By Christian Engström - 12th April 2013
If the new “free trade” agreement between the EU and the US contains an IP chapter like Acta, we will have to kill it, just like we killed Acta
Free trade agreements are increasingly used to force countries to adopt ever stricter intellectual property laws, but EU citizens won’t stand for it, writes Christian Engström.
In January and February 2012, hundreds of thousands of citizens took to the icy streets all over Europe to protest against Acta, the anti-counterfeiting trade agreement. As a result, the European parliament rejected Acta in July 2012.
There are several reasons why so many ordinary citizens decided to take action against Acta. On form, it was negotiated in secret behind closed doors, and was an attempt to introduce legislation in Europe through the back door, circumventing the elected parliaments of both the EU and the member states. On substance, it contained an intellectual property (IP) chapter that would have harmed access to medicines and restricted freedom of the internet. But thanks to the actions of ordinary citizens, we were able to stop the Acta treaty.
But the copyright industry never gives up in its attempts to take control of the internet. Acta is dead, but the music and film industry associations of America have already found a new trade agreement where they will try to insert the same harmful payload as in Acta.
The EU and the US are preparing to start negotiating a new agreement called the transatlantic trade and investment partnership. Just as with Acta, the negotiations will be carried out behind closed doors and in secret. Just as with Acta, the agreement seeks to introduce new legislation through the back door.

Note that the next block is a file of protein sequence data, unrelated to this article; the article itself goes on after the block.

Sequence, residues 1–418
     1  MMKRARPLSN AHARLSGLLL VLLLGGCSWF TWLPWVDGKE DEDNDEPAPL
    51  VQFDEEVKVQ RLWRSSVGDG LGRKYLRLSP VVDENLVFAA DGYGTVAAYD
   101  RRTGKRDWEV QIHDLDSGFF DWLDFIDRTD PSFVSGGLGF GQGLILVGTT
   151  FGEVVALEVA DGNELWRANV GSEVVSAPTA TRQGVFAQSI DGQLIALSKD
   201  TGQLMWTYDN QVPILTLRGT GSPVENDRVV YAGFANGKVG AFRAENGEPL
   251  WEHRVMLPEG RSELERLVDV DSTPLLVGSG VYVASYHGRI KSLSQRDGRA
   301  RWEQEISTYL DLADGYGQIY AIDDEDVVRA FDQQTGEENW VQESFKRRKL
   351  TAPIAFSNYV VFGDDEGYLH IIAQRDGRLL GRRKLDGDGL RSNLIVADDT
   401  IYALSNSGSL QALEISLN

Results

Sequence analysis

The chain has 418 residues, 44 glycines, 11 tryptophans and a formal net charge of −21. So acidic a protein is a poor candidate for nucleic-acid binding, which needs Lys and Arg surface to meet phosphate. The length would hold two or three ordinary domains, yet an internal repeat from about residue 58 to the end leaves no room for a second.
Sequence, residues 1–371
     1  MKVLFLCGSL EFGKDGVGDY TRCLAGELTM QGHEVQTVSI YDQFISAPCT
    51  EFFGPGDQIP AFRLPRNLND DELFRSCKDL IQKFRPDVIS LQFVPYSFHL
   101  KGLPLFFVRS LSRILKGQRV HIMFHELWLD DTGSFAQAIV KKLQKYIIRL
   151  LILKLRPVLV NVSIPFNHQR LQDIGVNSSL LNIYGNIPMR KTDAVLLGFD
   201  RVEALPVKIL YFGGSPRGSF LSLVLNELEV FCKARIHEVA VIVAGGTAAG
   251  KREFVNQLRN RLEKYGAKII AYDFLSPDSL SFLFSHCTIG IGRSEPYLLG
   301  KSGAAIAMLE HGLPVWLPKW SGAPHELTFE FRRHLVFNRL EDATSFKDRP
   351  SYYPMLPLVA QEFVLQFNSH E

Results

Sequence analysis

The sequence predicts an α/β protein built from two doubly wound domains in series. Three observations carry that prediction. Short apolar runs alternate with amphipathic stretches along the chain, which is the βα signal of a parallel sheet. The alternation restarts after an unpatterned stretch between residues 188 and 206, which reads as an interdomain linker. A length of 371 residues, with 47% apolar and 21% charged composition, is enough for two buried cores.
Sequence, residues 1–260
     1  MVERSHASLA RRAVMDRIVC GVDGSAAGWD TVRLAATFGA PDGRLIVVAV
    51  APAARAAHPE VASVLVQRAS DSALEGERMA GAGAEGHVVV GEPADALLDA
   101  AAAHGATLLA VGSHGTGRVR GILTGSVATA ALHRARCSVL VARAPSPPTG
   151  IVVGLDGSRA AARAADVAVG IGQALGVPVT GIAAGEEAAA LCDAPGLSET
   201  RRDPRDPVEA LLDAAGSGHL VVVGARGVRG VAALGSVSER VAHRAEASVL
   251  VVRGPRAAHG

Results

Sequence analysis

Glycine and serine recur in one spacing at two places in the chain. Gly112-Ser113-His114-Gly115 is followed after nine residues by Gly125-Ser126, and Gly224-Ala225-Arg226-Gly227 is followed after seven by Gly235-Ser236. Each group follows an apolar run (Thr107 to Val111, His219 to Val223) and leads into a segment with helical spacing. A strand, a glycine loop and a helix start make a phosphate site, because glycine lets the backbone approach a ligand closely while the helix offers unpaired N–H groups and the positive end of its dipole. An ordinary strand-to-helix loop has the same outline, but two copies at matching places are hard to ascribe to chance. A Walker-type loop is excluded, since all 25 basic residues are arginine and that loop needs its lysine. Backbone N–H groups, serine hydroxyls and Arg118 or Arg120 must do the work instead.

And just as with Acta, documents have already started leaking, showing that we will have to fight once again to defend freedom on the internet. The leaked proposal from the EU commission for a negotiating mandate says that they will once again try to include an IP chapter, just like Acta. So it will be déjà vu all over again, it seems.
Expect the big US film and record companies to try to reintroduce three-strikes, censorship of file sharing sites, and harsher punishments for file sharers. Expect the big US pharmaceutical companies to cynically try to make it more difficult for people in need to get access to cheap generic medicines. And expect the EU commission to agree with them and try to give them what they want.
But there is one thing that will be different this time around. Now we have hundreds of thousands of citizens who have already protested against a free trade agreement once, and won. They already know that free trade agreements are increasingly used to force countries to adopt ever stricter intellectual property laws, at the request of the copyright and patent lobby groups. They recognise the Acta provisions to turn internet service providers into a private surveillance police force whenever they reappear in other international agreements. And, above all, they know that it really makes a difference when ordinary citizens show the members of the European parliament that they care about an issue.
Free trade is a very good thing and something we need more of, especially in these economic times. But if the new “free trade” agreement between the EU and the US contains an IP chapter like Acta, we will have to kill it, just like we killed Acta. But the good news is that this time, we have hundreds of thousands of activists who have already done it once, and know what to do if it has to be done again, and who know that we can win.
Christian Engström is a member of parliament's internal market and consumer protection committee